Composer, Producer, Engineer
To have the gift of "big ears" is to first, be grateful for that gift. Next, create aural sensations that actually get a physical response - from tears to goosebumps. This is what I do . . . I have no choice.
Mark Knox’s music has been covered by Norman Conners, Grover Washington Jr., Bob Thompson, Gerald Veasley and others. He’s been involved in such world-class associations as The Philadelphia Orchestra, Standing in the Shadows of Motown, The 12 Monkeys and Carsey-Werner. Mark's compositions appear in many commercials, films, CD's, and corporate campaigns. As a composer, arranger, keyboardist, producer, and audio engineer, his unique perspective on "both sides of the glass" is evident in his remarkably diverse music and productions.
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Interview with NewSound Productions
Q: Tell us about a project you worked on you are especially proud of and why. What was your role?
A: I'm proud of every project. I don't take projects that I feel I won't be happy with. My role varies from project to project.
Q: What are you working on at the moment?
A: Creating music for 3 major music production libraries.
Q: Is there anyone on SoundBetter you know and would recommend to your clients?
A: New here so . . . no.
Q: Analog or digital and why?
A: Each has it's function and place.
Q: What's your 'promise' to your clients?
A: Better than you even imagined.
Q: What do you like most about your job?
A: Getting an emotional response from my work.
Q: What questions do customers most commonly ask you? What's your answer?
A: How much? What's your budget?
Q: What's the biggest misconception about what you do?
A: That anyone can do it if they have lots of gear and plug-ins.
Q: What questions do you ask prospective clients?
A: What do you want to be doing in 5 years?
Q: What advice do you have for a customer looking to hire a provider like you?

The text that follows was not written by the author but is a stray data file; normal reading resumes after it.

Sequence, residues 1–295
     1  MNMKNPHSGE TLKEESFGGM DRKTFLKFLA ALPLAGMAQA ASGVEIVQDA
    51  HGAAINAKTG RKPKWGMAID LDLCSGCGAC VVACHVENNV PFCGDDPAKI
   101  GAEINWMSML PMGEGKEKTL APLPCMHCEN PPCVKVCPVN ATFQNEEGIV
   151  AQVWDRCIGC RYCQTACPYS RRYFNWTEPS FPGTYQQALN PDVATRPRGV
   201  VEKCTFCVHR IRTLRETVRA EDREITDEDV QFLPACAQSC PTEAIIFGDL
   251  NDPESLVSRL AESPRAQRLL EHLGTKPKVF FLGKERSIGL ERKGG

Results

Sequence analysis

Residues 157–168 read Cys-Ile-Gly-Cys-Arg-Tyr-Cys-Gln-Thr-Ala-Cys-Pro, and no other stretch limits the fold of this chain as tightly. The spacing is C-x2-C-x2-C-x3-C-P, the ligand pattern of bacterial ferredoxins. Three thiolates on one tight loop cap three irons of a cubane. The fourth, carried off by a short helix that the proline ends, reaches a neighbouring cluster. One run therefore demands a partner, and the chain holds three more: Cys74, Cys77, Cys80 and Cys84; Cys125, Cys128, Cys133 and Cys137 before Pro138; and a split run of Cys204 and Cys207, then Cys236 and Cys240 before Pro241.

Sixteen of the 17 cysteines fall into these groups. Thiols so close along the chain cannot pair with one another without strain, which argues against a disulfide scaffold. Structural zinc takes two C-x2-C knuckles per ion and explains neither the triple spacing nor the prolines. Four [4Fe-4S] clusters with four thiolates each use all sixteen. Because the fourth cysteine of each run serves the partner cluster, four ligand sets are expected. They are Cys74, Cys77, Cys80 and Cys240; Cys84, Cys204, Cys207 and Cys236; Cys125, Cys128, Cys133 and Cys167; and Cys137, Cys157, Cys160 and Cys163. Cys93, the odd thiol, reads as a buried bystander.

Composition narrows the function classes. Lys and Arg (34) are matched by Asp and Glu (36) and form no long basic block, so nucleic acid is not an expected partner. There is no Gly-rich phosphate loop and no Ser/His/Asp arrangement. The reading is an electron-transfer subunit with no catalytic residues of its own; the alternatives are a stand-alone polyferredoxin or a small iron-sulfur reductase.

A: However you can, test their ears. If they pass your test - hire them. Their gear and toys will tell you nothing.
Q: If you were on a desert island and could take just 5 pieces of gear, what would they be?
A: Any decent mic. Any decent audio recorder. Any keyboard that can create a decent piano sound. Any decent in-ear monitors. Something that can start a fire.
Q: What was your career path? How long have you been doing this?
A: Musician first . . . technician second. 40 years.
Q: How would you describe your style?
Q: Which artist would you like to work with and why?
A: Any artist who can do things I can't. That's how you learn.
Q: Can you share one music production tip?
A: If you have to depend on technology to make is sound good . . . it never will.
Q: What type of music do you usually work on?
A: All the good kinds.
Q: What's your strongest skill?
A: Aural perception
Q: What do you bring to a song?
A: Aural candy . . . you hear it . . . you want more.
Q: What's your typical work process?
A: Give me some examples of what you want I'll give you some choices - you pick one or ask for more Let me do my thing Satisfied customer
Q: Tell us about your studio setup.
A: A small "boutique" room that's comfy and functional. Mac Pro Pro Tools 12 Logic Pro Vocal Booth Soundelux U-195 Big ears at your service
Q: What other musicians or music production professionals inspire you?
A: Anything that sounds amazing
Q: Describe the most common type of work you do for your clients.
A: Music Production Keyboard/Synth/String arrangements Track Mixing Track Mastering Audio Sweetening